9 April 2013
The death of Margaret Thatcher is said to have sparked celebrations in the UK everywhere north of Birmingham. Thatcher was a black and white, unnuanced politician – in the face of opposition, she declared “you can u-turn but this lady’s not for turning” (she was also nicknamed “Tina”, being “there is no alternative”). She was divisive, no doubt about that, and her policies might be regarded as having been socially and economically harmful; even her own party came to recognise that and turned to the more congenial John Major. But people bandying around terms like “wicked” and “evil” are way over the top. Billy Bragg has a sensible out take on his Facebook page:
This is not a time for celebration. The death of Margaret Thatcher is nothing more than a salient reminder of how Britain got into the mess that we are in today. Of why ordinary working people are no longer able to earn enough from one job to support a family; of why there is a shortage of decent affordable housing; of why domestic growth is driven by credit, not by real incomes; of why tax-payers are forced to top up wages; of why a spiteful government seeks to penalise the poor for having an extra bedroom; of why Rupert Murdoch became so powerful; of why cynicism and greed became the hallmarks of our society.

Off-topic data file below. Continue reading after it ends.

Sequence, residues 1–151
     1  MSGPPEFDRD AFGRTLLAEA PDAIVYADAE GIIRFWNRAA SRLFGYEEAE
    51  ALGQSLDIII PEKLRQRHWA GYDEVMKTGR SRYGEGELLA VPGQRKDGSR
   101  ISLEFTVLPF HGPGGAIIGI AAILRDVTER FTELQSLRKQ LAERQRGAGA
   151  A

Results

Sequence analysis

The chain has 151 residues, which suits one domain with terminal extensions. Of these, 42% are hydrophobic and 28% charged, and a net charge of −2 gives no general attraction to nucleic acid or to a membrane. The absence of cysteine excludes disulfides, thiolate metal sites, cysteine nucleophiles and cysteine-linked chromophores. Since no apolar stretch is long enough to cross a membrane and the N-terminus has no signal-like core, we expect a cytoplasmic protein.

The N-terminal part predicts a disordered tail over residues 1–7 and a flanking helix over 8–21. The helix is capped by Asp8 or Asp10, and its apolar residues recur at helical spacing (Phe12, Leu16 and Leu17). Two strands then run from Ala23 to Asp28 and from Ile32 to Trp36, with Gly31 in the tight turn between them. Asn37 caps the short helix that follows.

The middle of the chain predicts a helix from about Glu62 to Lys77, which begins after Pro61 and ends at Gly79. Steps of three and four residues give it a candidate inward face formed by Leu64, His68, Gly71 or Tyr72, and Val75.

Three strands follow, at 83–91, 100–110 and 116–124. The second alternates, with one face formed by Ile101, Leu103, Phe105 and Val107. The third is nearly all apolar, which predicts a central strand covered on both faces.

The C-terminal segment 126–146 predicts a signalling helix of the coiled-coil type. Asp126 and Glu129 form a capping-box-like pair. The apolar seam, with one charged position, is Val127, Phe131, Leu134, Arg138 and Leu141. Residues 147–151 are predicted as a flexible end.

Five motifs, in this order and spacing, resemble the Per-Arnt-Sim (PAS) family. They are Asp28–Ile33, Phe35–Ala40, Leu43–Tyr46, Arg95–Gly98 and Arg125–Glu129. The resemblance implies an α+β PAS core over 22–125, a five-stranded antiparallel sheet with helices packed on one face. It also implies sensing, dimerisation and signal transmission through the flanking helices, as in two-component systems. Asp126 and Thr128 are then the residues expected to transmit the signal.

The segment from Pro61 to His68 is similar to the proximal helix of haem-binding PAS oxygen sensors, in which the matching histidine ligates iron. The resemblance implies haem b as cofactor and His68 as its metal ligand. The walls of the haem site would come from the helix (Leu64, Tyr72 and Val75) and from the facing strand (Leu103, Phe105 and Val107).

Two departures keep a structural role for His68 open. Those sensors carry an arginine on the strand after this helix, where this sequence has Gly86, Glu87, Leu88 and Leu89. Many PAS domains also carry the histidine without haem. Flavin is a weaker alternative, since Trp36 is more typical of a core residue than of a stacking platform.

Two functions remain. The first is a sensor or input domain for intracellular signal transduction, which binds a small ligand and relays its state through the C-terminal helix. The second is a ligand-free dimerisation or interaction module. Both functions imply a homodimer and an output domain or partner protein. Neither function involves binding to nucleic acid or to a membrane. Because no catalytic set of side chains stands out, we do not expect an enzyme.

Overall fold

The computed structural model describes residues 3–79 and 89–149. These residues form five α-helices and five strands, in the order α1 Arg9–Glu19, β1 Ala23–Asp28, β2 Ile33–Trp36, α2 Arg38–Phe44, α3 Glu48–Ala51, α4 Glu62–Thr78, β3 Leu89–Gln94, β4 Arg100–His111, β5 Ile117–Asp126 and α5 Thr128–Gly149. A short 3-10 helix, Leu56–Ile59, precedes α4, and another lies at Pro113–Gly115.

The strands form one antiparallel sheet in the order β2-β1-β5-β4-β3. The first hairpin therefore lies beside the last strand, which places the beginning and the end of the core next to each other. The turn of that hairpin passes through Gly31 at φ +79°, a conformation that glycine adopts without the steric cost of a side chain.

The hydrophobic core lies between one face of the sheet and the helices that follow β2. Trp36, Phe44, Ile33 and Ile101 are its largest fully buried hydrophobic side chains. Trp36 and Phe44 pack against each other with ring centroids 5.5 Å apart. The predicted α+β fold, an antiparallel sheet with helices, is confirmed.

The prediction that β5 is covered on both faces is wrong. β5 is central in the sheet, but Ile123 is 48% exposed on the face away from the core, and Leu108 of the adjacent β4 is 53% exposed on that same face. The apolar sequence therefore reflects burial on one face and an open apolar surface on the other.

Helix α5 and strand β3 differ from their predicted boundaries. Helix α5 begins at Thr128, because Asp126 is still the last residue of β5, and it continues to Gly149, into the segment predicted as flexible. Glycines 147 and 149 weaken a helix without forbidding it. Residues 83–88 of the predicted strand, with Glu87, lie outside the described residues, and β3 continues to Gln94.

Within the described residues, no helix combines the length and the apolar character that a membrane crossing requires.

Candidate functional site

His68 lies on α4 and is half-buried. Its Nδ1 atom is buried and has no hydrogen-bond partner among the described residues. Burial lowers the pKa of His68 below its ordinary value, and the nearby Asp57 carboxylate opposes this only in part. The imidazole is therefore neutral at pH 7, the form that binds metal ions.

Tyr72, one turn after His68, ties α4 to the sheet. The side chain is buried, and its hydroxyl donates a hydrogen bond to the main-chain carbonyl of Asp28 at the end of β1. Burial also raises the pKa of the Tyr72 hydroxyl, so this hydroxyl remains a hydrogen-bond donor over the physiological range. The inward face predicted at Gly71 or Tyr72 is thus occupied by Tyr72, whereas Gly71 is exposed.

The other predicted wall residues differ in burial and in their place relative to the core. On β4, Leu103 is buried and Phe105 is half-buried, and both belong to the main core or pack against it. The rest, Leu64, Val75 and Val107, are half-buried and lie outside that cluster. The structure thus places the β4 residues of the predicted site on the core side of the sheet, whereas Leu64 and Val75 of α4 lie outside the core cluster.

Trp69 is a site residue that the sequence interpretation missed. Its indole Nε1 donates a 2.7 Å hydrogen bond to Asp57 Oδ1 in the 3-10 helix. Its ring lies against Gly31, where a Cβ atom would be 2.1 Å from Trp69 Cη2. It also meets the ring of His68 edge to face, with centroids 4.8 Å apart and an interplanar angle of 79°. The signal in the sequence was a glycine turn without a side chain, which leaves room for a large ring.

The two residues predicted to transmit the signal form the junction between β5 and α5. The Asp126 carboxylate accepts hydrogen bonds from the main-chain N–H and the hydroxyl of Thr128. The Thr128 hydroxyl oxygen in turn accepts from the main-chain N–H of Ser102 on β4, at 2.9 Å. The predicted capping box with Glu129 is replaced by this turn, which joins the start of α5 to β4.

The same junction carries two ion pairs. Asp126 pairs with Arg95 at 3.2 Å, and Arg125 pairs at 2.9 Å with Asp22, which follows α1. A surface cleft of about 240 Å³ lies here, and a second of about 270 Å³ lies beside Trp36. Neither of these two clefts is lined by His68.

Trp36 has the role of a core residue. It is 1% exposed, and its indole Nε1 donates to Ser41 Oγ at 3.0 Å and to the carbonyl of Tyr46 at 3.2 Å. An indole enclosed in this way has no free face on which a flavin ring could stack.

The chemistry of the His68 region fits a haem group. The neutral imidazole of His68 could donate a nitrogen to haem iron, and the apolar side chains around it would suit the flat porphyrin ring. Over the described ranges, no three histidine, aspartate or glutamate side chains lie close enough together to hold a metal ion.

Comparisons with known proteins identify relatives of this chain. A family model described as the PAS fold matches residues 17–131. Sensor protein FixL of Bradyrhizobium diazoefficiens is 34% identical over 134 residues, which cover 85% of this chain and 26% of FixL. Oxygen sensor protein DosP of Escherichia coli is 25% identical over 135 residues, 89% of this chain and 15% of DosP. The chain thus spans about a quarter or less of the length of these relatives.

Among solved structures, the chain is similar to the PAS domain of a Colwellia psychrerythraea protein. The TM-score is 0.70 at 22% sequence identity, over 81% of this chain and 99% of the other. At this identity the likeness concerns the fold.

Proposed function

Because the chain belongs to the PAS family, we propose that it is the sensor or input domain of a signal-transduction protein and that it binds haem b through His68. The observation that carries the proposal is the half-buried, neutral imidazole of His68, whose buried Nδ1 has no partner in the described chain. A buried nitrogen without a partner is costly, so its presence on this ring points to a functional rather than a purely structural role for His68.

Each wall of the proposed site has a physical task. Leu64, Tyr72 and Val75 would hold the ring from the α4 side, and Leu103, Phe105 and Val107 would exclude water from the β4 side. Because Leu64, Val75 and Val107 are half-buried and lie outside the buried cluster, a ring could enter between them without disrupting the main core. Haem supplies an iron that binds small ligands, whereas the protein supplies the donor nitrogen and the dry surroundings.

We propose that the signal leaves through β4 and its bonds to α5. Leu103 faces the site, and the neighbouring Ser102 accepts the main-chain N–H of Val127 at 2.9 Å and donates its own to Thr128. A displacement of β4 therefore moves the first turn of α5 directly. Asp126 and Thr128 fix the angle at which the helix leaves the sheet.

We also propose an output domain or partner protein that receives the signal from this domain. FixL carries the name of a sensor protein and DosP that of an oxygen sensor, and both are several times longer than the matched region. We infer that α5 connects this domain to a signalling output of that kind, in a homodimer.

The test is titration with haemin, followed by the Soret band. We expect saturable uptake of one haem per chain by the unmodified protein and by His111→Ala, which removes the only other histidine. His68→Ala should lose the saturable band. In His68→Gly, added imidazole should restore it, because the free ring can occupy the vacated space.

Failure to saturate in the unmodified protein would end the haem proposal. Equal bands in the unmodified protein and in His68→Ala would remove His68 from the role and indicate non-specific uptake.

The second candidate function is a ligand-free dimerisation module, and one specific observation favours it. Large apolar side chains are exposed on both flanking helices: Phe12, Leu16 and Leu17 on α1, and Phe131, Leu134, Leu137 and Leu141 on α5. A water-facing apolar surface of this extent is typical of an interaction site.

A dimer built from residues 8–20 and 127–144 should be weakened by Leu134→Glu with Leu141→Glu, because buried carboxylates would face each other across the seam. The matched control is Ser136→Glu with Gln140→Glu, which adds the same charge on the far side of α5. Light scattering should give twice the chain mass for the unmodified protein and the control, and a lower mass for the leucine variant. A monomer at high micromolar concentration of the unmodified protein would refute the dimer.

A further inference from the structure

Raising a glass to the death of an infirm old lady changes none of this. The only real antidote to cynicism is activism. Don’t celebrate – organise!
The comments on Bragg’s post show how divided opinion is on Thatcher and her legacy – and, indeed, on Billy Bragg.